Farm and ranch operators in the United States are an economically vulnerable group. Many family-owned farms without younger family members interested in farming face difficult retirement decisions.In addition, unlike other categories of self-employed individuals, farmers have more discretion over whether and when to pay Social Security taxes due to the “farm optional method” (FOM) of self-employment taxes. The FOM allows farmers who have negative or very small profits to opt in and pay self-employment taxes when they typically would have little to no self-employment tax liability. By opting to use the FOM, these farmers can accrue quarters of Social Security-covered work that contributes towards eligibility for Old Age, Survivors and Disability Insurance (OASDI). This research proposal aims to estimate the share of farms that are eligible for the “farm optional method” (FOM) of paying self-employment tax, and the proportion of operators who also workoff-farm and may have other covered income, as a first step towards examining the role of the farm optional method in contributing to retirement security. This research will assemble a new database and perform visualization and spatial analysis.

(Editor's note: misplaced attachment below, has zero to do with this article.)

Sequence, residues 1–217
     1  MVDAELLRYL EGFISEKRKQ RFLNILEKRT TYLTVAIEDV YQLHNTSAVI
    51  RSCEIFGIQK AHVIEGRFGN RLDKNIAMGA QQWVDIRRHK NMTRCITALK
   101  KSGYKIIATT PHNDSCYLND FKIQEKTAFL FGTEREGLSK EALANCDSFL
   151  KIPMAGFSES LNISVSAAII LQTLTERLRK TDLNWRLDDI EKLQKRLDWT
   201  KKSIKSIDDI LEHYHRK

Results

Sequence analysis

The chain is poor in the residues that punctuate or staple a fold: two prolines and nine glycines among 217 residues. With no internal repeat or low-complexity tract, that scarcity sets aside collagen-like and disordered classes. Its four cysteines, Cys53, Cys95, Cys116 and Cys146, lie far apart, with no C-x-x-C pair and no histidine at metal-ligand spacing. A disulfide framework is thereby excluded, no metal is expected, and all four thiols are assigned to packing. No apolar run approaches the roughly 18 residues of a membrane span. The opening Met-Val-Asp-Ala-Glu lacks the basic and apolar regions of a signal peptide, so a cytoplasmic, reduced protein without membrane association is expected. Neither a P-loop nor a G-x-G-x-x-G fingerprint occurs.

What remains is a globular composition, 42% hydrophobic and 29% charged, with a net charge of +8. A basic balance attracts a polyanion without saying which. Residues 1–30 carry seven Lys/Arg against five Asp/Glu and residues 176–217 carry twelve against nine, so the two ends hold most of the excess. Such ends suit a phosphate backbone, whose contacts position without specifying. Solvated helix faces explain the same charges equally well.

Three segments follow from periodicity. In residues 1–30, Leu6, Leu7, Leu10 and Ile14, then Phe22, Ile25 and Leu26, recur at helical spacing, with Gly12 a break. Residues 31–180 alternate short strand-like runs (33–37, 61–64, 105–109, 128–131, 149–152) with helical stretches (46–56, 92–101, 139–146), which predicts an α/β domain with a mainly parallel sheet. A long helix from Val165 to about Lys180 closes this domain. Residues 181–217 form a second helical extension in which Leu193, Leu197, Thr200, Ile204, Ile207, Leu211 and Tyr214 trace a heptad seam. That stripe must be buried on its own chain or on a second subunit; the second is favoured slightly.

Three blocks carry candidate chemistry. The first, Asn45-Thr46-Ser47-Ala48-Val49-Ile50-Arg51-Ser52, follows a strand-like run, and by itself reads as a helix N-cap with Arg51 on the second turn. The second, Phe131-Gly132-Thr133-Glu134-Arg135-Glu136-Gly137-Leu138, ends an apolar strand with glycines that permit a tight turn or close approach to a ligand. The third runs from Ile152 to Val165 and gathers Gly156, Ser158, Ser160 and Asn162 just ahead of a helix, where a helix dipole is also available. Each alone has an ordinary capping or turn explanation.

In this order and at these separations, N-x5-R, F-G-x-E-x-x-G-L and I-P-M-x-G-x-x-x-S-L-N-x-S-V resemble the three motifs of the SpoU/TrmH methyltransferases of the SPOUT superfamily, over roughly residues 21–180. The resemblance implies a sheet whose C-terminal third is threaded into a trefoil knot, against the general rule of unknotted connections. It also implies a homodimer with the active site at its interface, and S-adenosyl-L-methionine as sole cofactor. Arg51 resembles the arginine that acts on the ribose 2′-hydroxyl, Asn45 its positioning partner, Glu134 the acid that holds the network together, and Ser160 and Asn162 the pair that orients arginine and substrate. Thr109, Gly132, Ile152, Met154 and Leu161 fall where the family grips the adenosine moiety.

JSIT21-02: Income Volatility and Social Security: Understanding Farm Losses and their Implications